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The man-made Lake Onslow in Central Otago (Wikipedia, Shellie Evans)
The man-made Lake Onslow in Central Otago (Wikipedia, Shellie Evans)

The BulletinJuly 30, 2020

The Bulletin: For and against a massive new hydro storage scheme

The man-made Lake Onslow in Central Otago (Wikipedia, Shellie Evans)
The man-made Lake Onslow in Central Otago (Wikipedia, Shellie Evans)

Good morning and welcome to The Bulletin. In today’s edition: For and against a massive new hydro storage scheme, major new report delivered on RMA reforms, and Greens and NZ First at odds over waka-jumping repeal.

For a lead story today, a look at some of the benefits and challenges of a major potential infrastructure scheme being investigated. Some of this news will go back several days, but it’s a fascinating project that there hasn’t been a chance to cover yet in the Bulletin. The top line is this: Energy minister Megan Woods has put $30 million towards a business case to investigate whether the Lake Onslow pumped hydro storage scheme in Central Otago should go ahead, reports the ODT. A pumped hydro scheme differs from a dam in that water can be used depending on demand – when it is low, the water isn’t used, and when it is high, there’s plenty available.

The implications of this for renewable energy are huge. As Newsroom’s Marc Daalder writes in an analysis piece, it would mean the country’s electricity system could become purely renewable. No more coal power plants being flicked on during high demand – there’d be a storage scheme for that. In fact, it would likely generate so much clean electricity that a whole range of industrial processes could be electrified too, rather than relying on coal. You’d have to factor in some very high emissions to build the thing, but after that, it could have an immense impact in reducing the amount of carbon New Zealand pumps out. The storage would also help solve the ‘dry year’ problem that hydro schemes currently face.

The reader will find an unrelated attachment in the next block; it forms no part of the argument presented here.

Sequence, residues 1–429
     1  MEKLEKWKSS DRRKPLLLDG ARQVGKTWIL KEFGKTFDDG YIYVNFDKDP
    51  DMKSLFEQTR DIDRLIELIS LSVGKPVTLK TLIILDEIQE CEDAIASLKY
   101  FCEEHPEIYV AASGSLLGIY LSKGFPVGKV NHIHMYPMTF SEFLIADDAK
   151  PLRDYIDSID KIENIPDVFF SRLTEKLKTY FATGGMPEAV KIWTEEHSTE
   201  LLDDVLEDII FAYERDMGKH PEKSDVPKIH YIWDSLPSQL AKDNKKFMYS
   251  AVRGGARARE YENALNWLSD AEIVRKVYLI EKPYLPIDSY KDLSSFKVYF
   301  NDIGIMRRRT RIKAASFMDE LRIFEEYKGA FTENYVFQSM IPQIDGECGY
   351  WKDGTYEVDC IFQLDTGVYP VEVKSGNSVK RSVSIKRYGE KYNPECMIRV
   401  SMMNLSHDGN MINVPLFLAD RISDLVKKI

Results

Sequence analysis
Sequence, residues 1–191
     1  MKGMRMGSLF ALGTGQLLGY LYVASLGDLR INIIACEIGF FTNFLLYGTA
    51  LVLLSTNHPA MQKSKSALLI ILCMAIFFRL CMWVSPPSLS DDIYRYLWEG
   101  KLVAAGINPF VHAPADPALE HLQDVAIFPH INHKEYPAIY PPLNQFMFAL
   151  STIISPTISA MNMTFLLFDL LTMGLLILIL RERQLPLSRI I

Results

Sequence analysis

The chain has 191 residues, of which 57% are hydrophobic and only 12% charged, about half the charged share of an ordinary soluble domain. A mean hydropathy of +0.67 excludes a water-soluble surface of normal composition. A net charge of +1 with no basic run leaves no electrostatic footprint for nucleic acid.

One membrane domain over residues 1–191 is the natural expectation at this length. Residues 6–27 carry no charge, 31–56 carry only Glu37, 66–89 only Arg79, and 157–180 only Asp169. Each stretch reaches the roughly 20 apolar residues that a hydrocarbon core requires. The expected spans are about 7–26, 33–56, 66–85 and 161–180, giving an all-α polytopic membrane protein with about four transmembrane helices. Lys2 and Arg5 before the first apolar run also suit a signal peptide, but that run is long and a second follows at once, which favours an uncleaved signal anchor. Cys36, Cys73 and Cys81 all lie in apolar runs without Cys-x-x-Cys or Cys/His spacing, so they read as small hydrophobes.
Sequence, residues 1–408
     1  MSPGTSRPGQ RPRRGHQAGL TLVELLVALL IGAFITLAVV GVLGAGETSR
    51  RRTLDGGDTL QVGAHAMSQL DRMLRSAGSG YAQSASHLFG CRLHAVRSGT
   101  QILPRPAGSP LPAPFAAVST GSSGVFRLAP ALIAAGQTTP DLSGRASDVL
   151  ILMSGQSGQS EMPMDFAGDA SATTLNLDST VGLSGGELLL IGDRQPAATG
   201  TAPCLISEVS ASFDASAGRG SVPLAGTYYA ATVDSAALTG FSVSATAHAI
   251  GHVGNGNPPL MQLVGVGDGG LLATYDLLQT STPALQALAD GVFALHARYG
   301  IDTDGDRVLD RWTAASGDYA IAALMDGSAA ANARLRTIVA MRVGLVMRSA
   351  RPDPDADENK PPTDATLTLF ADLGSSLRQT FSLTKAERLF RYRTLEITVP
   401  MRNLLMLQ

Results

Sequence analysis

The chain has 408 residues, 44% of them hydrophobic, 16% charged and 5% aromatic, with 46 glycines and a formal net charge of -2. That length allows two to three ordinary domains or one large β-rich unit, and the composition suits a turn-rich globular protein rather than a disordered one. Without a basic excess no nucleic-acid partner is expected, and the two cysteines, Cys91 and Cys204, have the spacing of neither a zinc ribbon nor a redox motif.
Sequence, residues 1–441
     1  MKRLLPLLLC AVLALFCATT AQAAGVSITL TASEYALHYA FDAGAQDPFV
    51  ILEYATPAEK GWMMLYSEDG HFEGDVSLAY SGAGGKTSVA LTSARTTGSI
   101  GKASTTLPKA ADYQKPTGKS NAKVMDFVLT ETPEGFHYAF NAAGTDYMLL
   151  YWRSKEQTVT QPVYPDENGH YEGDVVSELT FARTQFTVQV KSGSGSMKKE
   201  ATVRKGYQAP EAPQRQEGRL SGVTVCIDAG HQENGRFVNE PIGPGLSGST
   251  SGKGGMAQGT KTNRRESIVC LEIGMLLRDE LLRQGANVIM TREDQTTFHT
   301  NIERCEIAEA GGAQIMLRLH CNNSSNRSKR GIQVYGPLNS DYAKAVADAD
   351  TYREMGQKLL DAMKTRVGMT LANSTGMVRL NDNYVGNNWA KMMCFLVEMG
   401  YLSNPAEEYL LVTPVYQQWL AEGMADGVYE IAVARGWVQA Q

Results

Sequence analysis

Of course, it would also be colossally expensive. One figure thrown around in this piece by the NZ Herald’s (paywalled) Grant Bradley is $4 billion, so you can assume in the final wash-up it would end up larger than that. It is described by an analyst in that story as an “overbuild” for what is needed, but would also have the effect of putting a long term mechanism in place that would keep electricity prices low. Other electricity industry stakeholders told Radio NZ that this particular scheme isn’t worth it, and that same money would be better spent on multiple smaller schemes instead.

The relative remoteness of Lake Onslow also doesn’t necessarily bolster the case. Household electricity demand is far higher in the upper North Island than anywhere else, which means high transmission costs, and National’s energy spokesperson Jonathan Young has suggested that more development be put into Central Plateau geothermal schemes instead. There’s also the question of who would build it, and where they’d live. The ODT has looked into this, and found the nearby town of Roxburgh wouldn’t have anything like the necessary capacity – though it has been successfully done in the past, so wouldn’t be impossible.